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Welcome to the start of the 2013 Tax Fraud/Scheme Season

Created: 15 Jan 2013 • Updated: 21 Jan 2013 • 3 comments
Jeannie Warner's picture
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We're looking at a bumper crop of online frauds, cons, ID thefts, and check stealing this year. Some of them can steal your returns, others cost you your life savings or money you have not even begun to earn. As your W-2s come in, here are some simple pointers to remember about filing and online opportunities as well as methods for avoiding theft of multiple kinds.

  1. First and most important - the IRS will never email you. Ever. If you get an email from the IRS or EFTPS (Electronic Federal Tax Payment System), forward it to phishing@irs.gov and do not respond!
  1. Beware fake Tax preparation companies.  Never enter information online unless you see HTTPS: or a green bar in the URL, and look for the Preparer Tax identification Number (PTIN) on your return. You should always receive a copy of your tax return, and a reputable tax service should never do your taxes for a percentage of the refund.
  1. Phishing requests via email are everywhere. If anyone requests an unusual amount of personal and/or financial information, such as name, SSN, bank or credit card account numbers or security-related information, such as mother’s maiden name, either in the e-mail itself or on another site to which a link in the e-mail sends you to, be suspicious. Warning: Email threats about consequences for failing to respond or blocking access to your funds are always frauds.
  1. Look for really long address links contained in the e-mail message or one that does not start with the actual IRS Web site address (http://www.irs.gov). The actual link’s address, or url, is revealed by moving the mouse over the link included in the text of the e-mail. The IRS will also never call you on the telephone.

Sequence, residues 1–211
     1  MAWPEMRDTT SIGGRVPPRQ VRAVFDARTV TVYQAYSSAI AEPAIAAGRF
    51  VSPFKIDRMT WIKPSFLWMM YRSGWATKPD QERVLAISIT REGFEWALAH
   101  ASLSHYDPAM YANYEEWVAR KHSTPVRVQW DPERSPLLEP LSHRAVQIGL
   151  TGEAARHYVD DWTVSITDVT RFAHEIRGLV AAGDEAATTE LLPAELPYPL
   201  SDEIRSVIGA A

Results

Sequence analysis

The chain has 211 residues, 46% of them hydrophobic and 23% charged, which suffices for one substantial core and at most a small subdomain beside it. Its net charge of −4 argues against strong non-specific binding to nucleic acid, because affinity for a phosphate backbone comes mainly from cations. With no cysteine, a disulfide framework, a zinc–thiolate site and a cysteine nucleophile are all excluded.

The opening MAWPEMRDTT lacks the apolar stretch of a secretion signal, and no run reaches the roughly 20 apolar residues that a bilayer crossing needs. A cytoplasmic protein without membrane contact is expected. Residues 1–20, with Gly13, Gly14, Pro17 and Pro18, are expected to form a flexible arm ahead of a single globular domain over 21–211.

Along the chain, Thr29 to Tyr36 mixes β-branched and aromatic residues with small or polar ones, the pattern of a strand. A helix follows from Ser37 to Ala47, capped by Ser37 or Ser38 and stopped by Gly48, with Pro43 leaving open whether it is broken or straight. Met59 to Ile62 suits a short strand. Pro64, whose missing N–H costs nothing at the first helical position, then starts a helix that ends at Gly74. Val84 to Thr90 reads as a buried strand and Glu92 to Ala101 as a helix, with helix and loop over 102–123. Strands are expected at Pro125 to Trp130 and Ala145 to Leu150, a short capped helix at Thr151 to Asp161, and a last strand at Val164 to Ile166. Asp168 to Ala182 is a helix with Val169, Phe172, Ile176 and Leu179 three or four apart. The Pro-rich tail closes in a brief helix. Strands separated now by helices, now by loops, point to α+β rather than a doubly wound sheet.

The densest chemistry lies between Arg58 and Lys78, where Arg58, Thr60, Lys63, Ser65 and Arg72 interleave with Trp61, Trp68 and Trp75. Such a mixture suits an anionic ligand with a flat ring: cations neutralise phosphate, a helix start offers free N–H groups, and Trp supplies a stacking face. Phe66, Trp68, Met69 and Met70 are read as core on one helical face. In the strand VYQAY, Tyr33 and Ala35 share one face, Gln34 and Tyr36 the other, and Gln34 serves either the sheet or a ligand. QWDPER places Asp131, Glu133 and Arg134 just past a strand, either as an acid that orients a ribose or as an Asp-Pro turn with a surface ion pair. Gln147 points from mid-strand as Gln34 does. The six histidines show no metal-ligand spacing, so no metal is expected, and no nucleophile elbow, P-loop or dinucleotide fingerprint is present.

1. Beware .pdf files emailed to you from anyone that claims to represent or communicate changes in tax law. Just go to www.irs.gov to research changes, or talk to your real life accountant or tax preparer.
  1. Your postal mail is not the safe way to receive checks from the IRS. Be aware that there are people that cruise the street in neighborhoods with unlocked mailboxes at tax time to steal tax return envelopes. Electronic depositing and filing can be safer, but don't get your return on a debit card.  Go with direct deposit whenever you can.
  1. Protect your computer. If you plan to file your taxes online, be sure you have current anti-virus, anti-spyware, and firewall protection installed. TurboTax, H&R Block and other reputable tax services always use encrypted transmission. Keep in mind that the most lucrative tax return schemes are based on ID Theft. Make sure you protect your side of the filing!

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Brook R. Chelmo's picture

Point #2 is the best.

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KW DBS's picture

Great write-up Jeannie; I wish the entire country would read it. Schemes capitalizing on tax season are particularly effective due to the nature of who is involved. Nobody wants to be on the government's bad side so there is naturally extra motivation to cooperate, which only compounds the financial damage done by these schemes.

#5 is particularly vile as it doesn't even require information to be input if the payload is a compromised .pdf that auto-installs malware.

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stevenbk's picture

Thank you for the recap, I've realized that number 7) is becoming a bigger liability as some people use their mobile device to file their taxes online, sometimes even using public hotspots (wifi access) to do so. These guidelines should be communicated officially by the state to reduce the costs of fraud.

Steven F.
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